Serverless Take 2: AWS CDK

Serverless Take 2: AWS CDK

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April 4th, 2022

Hello again, and welcome to the second part of the Serverless journey. The previous article taught us how we can easily deploy Serverless applications using the Serverless framework, as well as a basic understanding about the AWS environment. Today, we are going to learn about AWS Cloud Development Kit (CDK), and use it to create AWS resources, as well as try AWS Cognito - identity provider.

There are a lot of ‚Äúserverless = vendor lock-in = be extra careful‚ÄĚ discussions, so I would like to set the stage for the rest of the article. Let‚Äôs first try to redefine the ‚Äúvendor lock-in‚ÄĚ.

Vendor Lock-in

Software development is mostly about faster go-to-market, and faster new-feature-releases. What helps us reach the goal is to avoid developing custom solutions when there are existing ones (do not reinvent the wheel). First, there were libraries, packages, and tools we would use in our application to speed up the development. Now, software companies have started hosting CMS, eCommerce, payment, email - sms, queueing, auth, workflow, and other solutions.

It is rarely an easy decision to choose the vendor that fits best. When a decision is made, it speeds up the development because it allows us to focus on our business case (no need to maintain, troubleshoot, improve the service or develop the expertise - the vendor already does it). When you think about it, custom solutions are not easily justified, because software is, simply put, an automation, and automation is justified mainly because of heavy usage. Let's take a look at web hosting. It is an operational construct, and we must choose whether we want/need more in-house operations or less. Do we need IaaC, PaaS, SaaS or FaaS? Today's development is all about choosing vendor(s) that fit our needs. Decisions can be made based on a price, features, support, ease-of-use, urgency, etc., but in the end it is up to us to make the choice and assess the risks that come with it.

So instead of ‚Äúvendor lock-in‚ÄĚ let's think of it as a "vendor pick-in‚Äô." To ‚Äúbe pick-in‚Äô‚ÄĚ is not an easy job. It requires us to get familiar with the available service offerings in order to make a decision whether we ‚Äúbe pick-in‚Äô‚ÄĚ or ‚Äúbe pick-in‚Äôt‚ÄĚ. Since we have only started getting familiar with Serverless, at this point, it is hard to decide whether going Serverless is a good path for us. Let's make it easier and keep exploring the Serverless world.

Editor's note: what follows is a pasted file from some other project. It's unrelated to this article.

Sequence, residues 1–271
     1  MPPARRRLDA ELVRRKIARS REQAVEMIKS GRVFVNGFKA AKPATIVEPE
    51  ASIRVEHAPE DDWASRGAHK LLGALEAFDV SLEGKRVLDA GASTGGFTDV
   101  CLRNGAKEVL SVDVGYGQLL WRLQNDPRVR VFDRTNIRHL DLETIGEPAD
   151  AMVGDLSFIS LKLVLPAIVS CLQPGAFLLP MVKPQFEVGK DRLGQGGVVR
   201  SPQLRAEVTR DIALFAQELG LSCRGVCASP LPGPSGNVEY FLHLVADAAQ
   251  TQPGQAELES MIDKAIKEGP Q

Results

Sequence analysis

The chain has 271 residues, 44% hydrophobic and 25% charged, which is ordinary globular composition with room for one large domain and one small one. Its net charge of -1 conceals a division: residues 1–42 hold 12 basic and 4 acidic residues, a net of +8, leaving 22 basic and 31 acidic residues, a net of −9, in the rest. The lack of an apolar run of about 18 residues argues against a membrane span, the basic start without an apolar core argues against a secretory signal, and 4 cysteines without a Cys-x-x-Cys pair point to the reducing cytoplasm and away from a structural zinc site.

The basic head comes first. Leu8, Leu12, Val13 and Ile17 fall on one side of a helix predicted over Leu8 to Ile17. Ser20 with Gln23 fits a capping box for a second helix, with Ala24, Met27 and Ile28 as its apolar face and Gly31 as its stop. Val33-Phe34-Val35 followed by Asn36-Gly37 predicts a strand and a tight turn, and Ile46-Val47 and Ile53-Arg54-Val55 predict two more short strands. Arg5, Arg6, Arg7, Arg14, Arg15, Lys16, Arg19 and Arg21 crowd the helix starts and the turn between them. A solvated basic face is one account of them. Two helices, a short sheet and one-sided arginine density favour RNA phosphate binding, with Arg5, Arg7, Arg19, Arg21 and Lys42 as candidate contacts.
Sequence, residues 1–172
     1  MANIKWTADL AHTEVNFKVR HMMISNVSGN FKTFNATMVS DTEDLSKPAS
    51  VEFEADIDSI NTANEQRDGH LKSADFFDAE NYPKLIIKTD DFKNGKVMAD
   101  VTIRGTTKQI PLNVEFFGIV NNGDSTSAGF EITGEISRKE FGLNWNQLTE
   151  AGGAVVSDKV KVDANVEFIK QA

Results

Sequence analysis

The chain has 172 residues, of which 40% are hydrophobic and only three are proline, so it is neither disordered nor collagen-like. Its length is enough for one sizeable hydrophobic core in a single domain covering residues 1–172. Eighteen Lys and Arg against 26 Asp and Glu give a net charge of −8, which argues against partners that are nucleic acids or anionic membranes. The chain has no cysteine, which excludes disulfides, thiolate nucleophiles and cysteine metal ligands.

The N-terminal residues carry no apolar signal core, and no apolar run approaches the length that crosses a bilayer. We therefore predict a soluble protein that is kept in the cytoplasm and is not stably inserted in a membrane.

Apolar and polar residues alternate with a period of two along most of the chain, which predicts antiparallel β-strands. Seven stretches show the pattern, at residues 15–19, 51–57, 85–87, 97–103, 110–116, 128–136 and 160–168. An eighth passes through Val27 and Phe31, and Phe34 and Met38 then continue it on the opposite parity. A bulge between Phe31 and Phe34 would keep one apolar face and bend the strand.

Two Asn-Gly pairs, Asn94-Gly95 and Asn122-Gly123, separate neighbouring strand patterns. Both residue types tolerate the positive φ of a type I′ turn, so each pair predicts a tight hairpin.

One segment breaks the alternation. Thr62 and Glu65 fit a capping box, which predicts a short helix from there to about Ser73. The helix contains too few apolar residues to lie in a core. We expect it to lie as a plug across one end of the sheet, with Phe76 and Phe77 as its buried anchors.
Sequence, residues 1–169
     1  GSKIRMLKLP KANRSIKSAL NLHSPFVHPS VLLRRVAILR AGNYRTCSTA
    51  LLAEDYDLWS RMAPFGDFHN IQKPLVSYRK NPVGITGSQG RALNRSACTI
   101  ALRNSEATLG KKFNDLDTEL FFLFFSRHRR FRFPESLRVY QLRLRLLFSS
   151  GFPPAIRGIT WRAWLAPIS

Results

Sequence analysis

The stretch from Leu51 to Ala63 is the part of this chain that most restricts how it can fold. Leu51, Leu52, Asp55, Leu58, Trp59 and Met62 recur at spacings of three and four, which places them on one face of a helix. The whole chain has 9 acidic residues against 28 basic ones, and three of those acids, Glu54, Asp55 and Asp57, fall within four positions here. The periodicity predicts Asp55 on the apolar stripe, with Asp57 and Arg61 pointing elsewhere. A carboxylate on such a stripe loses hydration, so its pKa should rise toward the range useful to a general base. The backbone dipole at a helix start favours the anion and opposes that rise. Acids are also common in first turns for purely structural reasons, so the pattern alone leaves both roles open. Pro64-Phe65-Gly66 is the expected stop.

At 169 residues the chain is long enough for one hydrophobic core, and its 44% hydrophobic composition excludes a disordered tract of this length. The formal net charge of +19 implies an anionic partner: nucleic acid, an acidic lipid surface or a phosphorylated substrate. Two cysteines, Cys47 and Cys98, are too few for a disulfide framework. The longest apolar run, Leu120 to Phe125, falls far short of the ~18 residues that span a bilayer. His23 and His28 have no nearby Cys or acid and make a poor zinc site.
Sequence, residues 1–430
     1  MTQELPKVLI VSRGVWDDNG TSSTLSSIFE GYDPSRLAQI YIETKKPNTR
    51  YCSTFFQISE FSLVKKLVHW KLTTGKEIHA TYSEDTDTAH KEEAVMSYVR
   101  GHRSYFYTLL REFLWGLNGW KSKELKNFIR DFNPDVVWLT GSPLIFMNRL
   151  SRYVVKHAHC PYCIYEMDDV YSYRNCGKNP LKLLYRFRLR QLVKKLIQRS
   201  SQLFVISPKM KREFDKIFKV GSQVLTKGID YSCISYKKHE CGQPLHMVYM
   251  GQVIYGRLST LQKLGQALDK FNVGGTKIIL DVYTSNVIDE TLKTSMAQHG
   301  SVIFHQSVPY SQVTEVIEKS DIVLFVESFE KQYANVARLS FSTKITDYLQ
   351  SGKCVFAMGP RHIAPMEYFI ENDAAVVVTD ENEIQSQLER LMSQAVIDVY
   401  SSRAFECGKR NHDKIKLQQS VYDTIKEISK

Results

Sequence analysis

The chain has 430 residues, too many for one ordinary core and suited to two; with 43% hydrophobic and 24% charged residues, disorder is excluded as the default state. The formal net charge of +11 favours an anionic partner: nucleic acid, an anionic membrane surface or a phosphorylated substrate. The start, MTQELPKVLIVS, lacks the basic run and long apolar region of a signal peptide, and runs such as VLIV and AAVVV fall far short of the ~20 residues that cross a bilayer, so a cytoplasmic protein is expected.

Living in the COVID-19 Era

Let's start with a real-life example to learn by doing. Given the "COVID-19 digital transformation", working remotely has been widely adopted. It is a common work model in the IT industry, but the pandemic measures complicate the process of returning to normal - therefore, all of us embraced the hybrid way of communication. To ensure the hybrid form of working, we will use Serverless to build a simple app that employees can use to "register" the day they want to come to the office, so the COVID-19 measures are appropriately followed. We will need 3 REST API endpoints for this feature:

  • Add attendance
  • Remove attendance
  • Get attendance(s)

Let’s set up AWS CDK and see how we can use it to create the AWS resources we need. I have chosen to use CDK because I find it easier to use than the Serverless framework. Using it feels more like coding than configuring, which feels just like home to me.

You can find an example code on GitHub to follow through, or write the code along the way.


In order to use CDK, let’s first setup our workspace.

First, create an empty folder and execute ¬†‚Äúcdk init app --language typescript‚ÄĚ

CDK will generate the following folder structure.

Bin folder contains a single file where the initial AWS CloudFormation Stack is created. If you need to, you can add additional stack(s) here.

import * as cdk from 'aws-cdk-lib';

import { BlogCdkCognitoStack } from '../lib/blog-cdk-cognito-stack';

const app = new cdk.App();

new BlogCdkCognitoStack(app, 'BlogCdkCognitoStack', {});

Lib folder has a file which describes the initial Stack. Resources we want to provision are configured within the stack class constructor.

import { Stack, StackProps } from 'aws-cdk-lib';

import { Construct } from 'constructs';


export class BlogCdkCognitoStack extends Stack {

 constructor(scope: Construct, id: string, props?: StackProps) {

   super(scope, id, props);



We don‚Äôt need to focus on the ‚Äúcdk.json‚ÄĚ file for this article. You can read more about it¬†here.

AWS Lambda

We will need 3 lambdas for our feature.

import * as lambda from "aws-cdk-lib/aws-lambda";


. . . constructor() . . .

const getAttendance = createLambda(this, "getAttendance");

const addAttendance = createLambda(this, "addAttendance");

const removeAttendance = createLambda(this, "removeAttendance");

. . . 

function createLambda(stack: Stack, handler: string) {

 return new lambda.Function(stack, handler, {

   architecture: lambda.Architecture.ARM_64,

   runtime: lambda.Runtime.NODEJS_14_X,

   code: lambda.Code.fromAsset("functions"),

   handler: `${handler}.handler`,



Code is self-explanatory, next step is to create a ‚Äúfunctions‚ÄĚ folder and add files to match the lambda name; each TS file should export ‚Äúhandler‚ÄĚ as a lambda function.